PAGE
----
Marlborough Town, Wiltshire

Marlborough Town

Marlborough is a market town in the English county of Wiltshire on the Old Bath Road, the old main road from London to Bath. It is well known for having the widest high-street in Britain.

The first sign of human habitation is the pre-historic mound (tumulus), in the grounds of Marlborough College. It is possibly of similar age to the larger Silbury Hill five miles to the west. Legend has it that the Mound is the burial site of Merlin[1] and that the name of the town, Marlborough comes from Merlin’s Barrow. The town’s motto is Ubi nunc sapientis ossa Merlini – Where now are the bones of wise Merlin[2].

Further evidence of human occupation comes from the discovery of the Marlborough Bucket an Iron Age burial bucket, with decorations of human heads and animals on sheet bronze.

Roman remains and coins have been found two miles to the East of Marlborough, at Mildenhall (Cunetio).

A later Saxon settlement grew up around The Green and two early river crossings were made at Isbury Lane and Stonebridge Lane.

The first written record of Marlborough dates from 1087 when the Domesday Book was finished. The borough received its charter to hold a market in 1204.[3]

    * In 1067, William the Conqueror assumed control of the Marlborough area and set about building a wooden motte and bailey castle, sited on the pre-historic mound. This was completed in around 1100 and stone was used to strengthen the castle, in around 1175.

    * William also established a mint in Marlborough, which coined the William I and the early William II silver pennies. The coins display the name of the town as Maerlebi or Maerleber.

    * William I established the neighbouring Savernake Forest as a favourite Royal hunting ground [4] and Marlborough Castle became a Royal residence. Henry I observed Easter here, in 1110. Richard I (Coeur de Lion) gave the castle to his brother John, in 1186. Henry II stayed at Marlborough Castle, in talks with the King of Scotland. King John was married here and spent time in Marlborough. He even established a Treasury. Later, Henry III was also married here.[5]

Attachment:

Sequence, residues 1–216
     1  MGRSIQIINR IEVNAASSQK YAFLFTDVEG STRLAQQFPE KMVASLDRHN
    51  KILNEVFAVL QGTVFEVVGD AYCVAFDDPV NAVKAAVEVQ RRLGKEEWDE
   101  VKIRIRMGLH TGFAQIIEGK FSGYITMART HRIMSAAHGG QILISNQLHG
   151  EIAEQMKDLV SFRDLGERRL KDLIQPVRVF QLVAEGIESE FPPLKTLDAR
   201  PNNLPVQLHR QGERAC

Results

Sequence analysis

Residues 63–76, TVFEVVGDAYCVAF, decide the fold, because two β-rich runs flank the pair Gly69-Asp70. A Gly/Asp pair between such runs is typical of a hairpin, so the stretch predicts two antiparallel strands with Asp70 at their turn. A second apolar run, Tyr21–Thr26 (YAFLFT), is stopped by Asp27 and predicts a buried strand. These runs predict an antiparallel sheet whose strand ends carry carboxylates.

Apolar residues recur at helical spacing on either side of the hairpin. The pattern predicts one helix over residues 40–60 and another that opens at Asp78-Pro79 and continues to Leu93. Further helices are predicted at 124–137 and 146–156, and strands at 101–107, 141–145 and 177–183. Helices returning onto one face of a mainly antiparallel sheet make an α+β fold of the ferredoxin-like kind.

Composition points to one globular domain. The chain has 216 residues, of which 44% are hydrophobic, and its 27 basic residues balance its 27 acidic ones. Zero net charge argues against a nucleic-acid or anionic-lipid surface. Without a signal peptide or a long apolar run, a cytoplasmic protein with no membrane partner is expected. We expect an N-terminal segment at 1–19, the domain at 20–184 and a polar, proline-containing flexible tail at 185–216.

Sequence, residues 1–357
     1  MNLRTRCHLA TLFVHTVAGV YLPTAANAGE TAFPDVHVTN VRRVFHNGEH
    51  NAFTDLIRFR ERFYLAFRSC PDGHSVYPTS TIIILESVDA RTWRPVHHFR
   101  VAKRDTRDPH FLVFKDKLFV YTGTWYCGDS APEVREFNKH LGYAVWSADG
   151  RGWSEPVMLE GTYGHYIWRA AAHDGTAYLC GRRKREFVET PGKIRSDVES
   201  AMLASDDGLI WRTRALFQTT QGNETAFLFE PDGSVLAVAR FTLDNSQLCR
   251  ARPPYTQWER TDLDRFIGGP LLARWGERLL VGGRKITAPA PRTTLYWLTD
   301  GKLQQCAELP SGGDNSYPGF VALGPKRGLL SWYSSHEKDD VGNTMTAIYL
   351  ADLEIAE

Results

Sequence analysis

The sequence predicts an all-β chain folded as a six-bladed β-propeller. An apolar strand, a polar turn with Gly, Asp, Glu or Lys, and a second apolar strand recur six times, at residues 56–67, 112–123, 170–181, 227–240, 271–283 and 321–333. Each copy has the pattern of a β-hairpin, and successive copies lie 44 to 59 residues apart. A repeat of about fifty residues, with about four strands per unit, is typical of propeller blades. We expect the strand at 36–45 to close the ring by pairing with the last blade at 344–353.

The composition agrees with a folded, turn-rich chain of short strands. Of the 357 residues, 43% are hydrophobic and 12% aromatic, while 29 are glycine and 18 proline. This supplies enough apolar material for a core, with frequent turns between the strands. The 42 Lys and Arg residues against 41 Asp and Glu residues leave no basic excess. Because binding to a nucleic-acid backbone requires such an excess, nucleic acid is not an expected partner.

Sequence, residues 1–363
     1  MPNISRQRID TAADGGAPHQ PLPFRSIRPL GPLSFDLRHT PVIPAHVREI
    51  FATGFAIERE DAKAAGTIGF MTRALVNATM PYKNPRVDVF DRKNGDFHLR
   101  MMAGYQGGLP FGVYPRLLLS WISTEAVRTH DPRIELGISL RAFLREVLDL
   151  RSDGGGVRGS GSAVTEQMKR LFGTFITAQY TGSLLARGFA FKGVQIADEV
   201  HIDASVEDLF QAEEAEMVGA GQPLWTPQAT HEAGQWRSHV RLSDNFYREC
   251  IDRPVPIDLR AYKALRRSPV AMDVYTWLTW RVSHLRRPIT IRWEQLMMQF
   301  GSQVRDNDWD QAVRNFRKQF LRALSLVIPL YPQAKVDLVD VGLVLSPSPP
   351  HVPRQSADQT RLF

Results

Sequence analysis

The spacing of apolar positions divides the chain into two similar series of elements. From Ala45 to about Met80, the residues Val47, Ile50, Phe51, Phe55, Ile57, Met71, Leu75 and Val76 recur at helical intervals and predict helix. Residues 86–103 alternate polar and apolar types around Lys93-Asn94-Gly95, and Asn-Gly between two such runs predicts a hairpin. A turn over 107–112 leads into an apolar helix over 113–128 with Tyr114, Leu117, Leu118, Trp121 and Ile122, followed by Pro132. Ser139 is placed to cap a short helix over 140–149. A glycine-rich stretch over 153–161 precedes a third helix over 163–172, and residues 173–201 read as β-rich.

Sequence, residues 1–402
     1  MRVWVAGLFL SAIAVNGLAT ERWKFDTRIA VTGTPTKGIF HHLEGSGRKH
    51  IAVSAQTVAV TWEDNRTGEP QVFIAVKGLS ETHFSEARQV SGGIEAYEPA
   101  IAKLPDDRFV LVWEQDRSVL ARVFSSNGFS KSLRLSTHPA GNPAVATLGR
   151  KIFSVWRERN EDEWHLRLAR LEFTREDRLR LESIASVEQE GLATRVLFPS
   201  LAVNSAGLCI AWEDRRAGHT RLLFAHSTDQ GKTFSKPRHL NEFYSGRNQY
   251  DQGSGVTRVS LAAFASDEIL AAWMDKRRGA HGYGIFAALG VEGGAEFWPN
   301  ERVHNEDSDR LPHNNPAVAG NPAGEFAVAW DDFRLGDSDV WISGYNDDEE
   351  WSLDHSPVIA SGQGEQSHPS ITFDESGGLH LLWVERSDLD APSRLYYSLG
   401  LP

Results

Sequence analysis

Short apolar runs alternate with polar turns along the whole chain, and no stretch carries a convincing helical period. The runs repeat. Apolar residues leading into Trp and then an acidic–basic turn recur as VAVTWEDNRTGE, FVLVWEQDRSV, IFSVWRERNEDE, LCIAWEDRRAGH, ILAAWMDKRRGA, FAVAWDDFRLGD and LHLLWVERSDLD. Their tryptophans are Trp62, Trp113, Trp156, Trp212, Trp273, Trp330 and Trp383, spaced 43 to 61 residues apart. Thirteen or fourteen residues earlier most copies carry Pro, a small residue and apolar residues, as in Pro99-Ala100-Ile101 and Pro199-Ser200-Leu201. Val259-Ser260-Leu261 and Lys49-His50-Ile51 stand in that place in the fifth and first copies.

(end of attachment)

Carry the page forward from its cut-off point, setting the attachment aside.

* Henry III held Parliament here, in 1267, when the Statute of Marlborough was passed (this gave rights and privileges to small land owners and limited the right of the King to take possession of land). This seven-hundred-year-old law states that no one shall seize his neighbour’s goods for alleged wrong, without permission of the Court. It is the oldest piece of English law which has not yet been repealed.

    * The castle fell into disrepair by the end of the 14th century but remained Crown property. Edward VI then passed it to the Seymour family, his mother’s relatives.

    * The 1204 Charter granted the Borough an annual eight-day fair, commencing on 14 August, the vigil of the Feast of the Assumption of Our Lady (15 August), in which “all might enjoy the liberties and quittances customary in the fair at Winchester”. He also established that weekly markets may be held on Wednesdays and Saturdays. These continue to this day.[6]

    * In 1498 Thomas Wolsey was ordained priest in (the now redundant) St Peter’s church. He later rose to become a cardinal and Lord Chancellor.